Bhargav Srinivasan, BHP ’12, is in his second year of a four-year JD/MBA joint degree program at Harvard. This past summer, he worked at the White House as an intern in the National Economic Council (NEC), working on finance policy for the Obama Administration.
What did you work on in your internship?
I spent my time at the NEC working on policy across financial technology, financial regulation, and housing finance. We worked to inform the Administration’s perspective and also to “hardwire” our learnings so that the next administration can use what we’ve done to date.
I found particularly interesting the idea of fostering responsible innovation in financial technology. For example, blockchain applications, like Bitcoin and Ethereum, have the potential to change the way we store and transfer data and money. There is a lot of innovation in finance right now, so I think it’s more important now than ever before to develop smart regulation that simultaneously protects financial stability and shepherds consumers while fostering innovation.
How was the experience?
It was truly unforgettable. I gained amazing perspective on how government works which I had never had, but the real highlight of my summer were the people I met. First, the NEC staff shared with me their interesting perspectives from government, law, business, academia, and other industries. Next, I was blessed to have a group of interns who made my summer more enjoyable than I could have imagined. We came from all across the country to serve President Obama, and, in the process, became close friends. Finally, we met White House personnel through a speaker series. The speakers ranged the gamut from POTUS and VPOTUS to the directors of the NEC, DPC, and other White House offices. Meeting and having a personal conversation with FLOTUS is a memory I will never forget.
What were your main takeaways from the internship?
I learned about the White House’s power and its limits. The two sources of power are the bully pulpit and the staff’s ability to quarterback key issues. Though the bully pulpit is diminishing in a world of constant communication, the President still gets to shine a light on the issues he believes are most important.
On the other hand, the power to quarterback is executed by the staff who work with and on behalf of the President to get the right folks in the same room. Making policy requires coordination and stakeholder engagement. The Administration uses agencies to implement its vision, so it’s important to hear feedback and develop buy-in from the agencies and other key parties when forming policy. When key parties come together and feel invested, executing as a team behind a single policy vision becomes easier. To that end, the White House plays a crucial role.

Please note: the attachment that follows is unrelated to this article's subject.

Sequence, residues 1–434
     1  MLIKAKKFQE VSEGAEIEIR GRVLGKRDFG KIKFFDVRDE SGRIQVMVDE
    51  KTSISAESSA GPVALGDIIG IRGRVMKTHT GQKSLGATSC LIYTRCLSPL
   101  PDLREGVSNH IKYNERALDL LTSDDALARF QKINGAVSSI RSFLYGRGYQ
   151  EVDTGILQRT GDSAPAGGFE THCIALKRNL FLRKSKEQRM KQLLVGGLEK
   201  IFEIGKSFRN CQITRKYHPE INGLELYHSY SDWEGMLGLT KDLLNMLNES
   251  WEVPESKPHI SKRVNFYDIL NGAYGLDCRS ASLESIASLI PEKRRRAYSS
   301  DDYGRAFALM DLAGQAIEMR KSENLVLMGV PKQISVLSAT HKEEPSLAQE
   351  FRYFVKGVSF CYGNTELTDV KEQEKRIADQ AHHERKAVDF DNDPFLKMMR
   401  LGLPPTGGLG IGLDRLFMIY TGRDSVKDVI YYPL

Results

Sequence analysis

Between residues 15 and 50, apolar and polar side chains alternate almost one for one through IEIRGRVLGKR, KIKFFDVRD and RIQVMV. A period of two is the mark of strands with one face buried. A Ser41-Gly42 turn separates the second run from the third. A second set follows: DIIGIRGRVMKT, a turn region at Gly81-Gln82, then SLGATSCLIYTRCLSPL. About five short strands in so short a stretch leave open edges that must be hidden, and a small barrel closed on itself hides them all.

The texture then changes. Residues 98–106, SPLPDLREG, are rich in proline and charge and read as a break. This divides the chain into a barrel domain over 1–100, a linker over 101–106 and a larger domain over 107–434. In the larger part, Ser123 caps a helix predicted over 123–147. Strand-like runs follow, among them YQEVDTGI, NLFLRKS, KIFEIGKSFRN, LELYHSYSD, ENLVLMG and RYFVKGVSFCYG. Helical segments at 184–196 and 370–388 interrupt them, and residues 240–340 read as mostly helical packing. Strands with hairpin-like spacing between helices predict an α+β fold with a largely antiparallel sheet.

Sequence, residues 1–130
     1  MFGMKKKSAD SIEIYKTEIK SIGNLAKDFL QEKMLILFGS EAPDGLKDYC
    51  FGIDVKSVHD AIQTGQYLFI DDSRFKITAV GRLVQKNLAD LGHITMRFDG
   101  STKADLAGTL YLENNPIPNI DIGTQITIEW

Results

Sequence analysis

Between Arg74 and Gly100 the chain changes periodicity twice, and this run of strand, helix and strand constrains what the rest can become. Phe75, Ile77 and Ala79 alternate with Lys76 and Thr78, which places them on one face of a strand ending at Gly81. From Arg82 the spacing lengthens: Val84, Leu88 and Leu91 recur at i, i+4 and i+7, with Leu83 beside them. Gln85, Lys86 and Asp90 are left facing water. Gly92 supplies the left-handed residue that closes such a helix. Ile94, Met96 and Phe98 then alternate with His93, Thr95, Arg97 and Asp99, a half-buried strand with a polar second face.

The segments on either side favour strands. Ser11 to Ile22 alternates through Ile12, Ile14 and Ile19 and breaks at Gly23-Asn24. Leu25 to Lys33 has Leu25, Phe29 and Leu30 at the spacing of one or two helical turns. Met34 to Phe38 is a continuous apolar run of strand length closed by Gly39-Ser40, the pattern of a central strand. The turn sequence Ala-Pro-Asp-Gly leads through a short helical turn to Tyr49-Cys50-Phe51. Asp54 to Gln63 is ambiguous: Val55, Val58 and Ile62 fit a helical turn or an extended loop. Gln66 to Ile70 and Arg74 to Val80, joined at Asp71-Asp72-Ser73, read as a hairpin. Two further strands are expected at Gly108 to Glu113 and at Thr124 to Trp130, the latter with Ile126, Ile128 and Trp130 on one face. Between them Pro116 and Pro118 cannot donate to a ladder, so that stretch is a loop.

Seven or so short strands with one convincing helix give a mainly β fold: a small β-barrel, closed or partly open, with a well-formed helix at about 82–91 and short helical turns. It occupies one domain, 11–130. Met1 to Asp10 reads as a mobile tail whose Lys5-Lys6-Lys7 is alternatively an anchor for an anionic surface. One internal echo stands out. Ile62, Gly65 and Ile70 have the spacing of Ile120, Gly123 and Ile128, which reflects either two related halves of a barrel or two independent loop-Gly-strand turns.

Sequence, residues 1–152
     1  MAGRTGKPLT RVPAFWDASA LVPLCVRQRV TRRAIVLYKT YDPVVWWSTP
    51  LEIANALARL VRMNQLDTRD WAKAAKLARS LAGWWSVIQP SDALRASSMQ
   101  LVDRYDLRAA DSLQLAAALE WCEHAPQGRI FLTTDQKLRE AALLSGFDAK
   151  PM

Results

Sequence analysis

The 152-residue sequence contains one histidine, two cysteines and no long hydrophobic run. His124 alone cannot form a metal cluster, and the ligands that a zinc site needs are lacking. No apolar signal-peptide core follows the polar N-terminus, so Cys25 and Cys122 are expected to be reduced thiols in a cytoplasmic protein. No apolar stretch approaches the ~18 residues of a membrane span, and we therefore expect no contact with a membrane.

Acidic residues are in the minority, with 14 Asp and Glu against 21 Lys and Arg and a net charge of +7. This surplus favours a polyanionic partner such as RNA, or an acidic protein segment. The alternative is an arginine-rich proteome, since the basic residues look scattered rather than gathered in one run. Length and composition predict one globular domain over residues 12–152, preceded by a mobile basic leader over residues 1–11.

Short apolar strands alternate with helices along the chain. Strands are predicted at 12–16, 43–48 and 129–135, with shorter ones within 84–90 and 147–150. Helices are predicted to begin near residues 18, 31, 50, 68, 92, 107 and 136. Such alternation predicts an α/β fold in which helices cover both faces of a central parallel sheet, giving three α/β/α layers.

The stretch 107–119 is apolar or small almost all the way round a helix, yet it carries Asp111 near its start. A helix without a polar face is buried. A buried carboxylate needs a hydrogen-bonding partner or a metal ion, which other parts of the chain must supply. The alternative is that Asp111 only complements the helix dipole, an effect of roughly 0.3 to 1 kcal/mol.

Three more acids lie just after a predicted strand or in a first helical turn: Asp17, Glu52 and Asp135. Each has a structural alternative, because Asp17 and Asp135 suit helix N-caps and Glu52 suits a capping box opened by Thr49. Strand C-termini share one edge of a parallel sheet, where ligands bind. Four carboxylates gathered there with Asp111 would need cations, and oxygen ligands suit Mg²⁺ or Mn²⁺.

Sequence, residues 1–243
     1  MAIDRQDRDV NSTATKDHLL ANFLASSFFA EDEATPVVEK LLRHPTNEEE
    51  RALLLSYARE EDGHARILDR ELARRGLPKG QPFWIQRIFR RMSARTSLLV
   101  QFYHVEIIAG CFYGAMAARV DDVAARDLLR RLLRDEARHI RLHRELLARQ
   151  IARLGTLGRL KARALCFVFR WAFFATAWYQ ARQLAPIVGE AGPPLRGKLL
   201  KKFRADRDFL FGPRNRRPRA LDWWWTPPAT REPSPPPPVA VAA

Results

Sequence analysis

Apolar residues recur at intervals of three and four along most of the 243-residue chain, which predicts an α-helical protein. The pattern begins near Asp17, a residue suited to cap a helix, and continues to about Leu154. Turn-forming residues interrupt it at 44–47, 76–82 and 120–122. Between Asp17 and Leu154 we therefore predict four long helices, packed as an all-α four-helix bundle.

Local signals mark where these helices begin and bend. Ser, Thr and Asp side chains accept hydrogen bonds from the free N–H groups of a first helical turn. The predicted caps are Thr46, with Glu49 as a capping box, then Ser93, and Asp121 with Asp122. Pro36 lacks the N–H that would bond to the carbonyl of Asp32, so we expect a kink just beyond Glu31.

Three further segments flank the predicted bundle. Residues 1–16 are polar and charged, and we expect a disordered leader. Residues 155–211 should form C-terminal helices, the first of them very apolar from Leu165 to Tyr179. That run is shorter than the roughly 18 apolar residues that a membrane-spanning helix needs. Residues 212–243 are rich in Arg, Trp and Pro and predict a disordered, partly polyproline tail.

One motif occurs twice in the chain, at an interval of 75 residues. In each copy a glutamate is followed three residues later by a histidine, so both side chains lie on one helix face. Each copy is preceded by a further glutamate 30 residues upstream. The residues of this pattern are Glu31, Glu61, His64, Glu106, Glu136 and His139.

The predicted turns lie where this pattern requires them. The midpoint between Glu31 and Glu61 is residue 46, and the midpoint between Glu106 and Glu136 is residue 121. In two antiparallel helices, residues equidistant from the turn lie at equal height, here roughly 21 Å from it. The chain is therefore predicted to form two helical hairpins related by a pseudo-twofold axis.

Would you say Washington is more “West Wing” or “House of Cards” in your experience?
I actually love both shows! The fortunate reality is that Washington is more West Wing than House of Cards. Most people working in government are trying to do the right thing for the American people. It’s easy to be skeptical of centralized power and special interests, but I felt the White House staff were truly working as honest brokers. When it comes to technology, the staff stay abreast of activity in the market, weigh different regulatory approaches, and make an informed decision to proceed. I’m more optimistic about the future of government after having been in DC than before.
Any revelations from the experience?
I learned that driving big changes requires Congress, but the Executive branch can take smaller, wonkier actions to make people’s lives better. For example, agencies can make programs and policy enforcement more effective through rule-making and administrative discretion. I hope that more students interested in public policy consider a career in administration because it’s a good way to drive tangible change in discrete ways.
How is your joint degree program going at Harvard?
Great! I just finished year one of law school and started year one of business school at Harvard Business School. The volume of work in during the first year of law school was pretty grueling, so my law school friends joke that I’m on vacation, but business school has been just as busy in a more balanced way.
Our JD/MBA program has roughly 10 students per year, who form a strong community of 40 overall. It’s a diverse group with varied aspirations, so the best part of being in the program is learning from my peers. There are also quite a few BHP alums at both schools, especially HBS. I still ask for perspective from one of my first BHP mentors, Eric Sung (BHP ‘10, HBS ‘16).
How will the JD/MBA benefit you in the future?
The program offers a lot of value. First, I’m simultaneously developing skills as a GM and a lawyer that will make me a strong decision-maker in an organizational setting. Next, the joint degree allows me to keep open diverse long-term career options. Finally, my peers are amazing and form the basis for a strong network to start my career. I recommend the program to anyone who genuinely finds both fields interesting.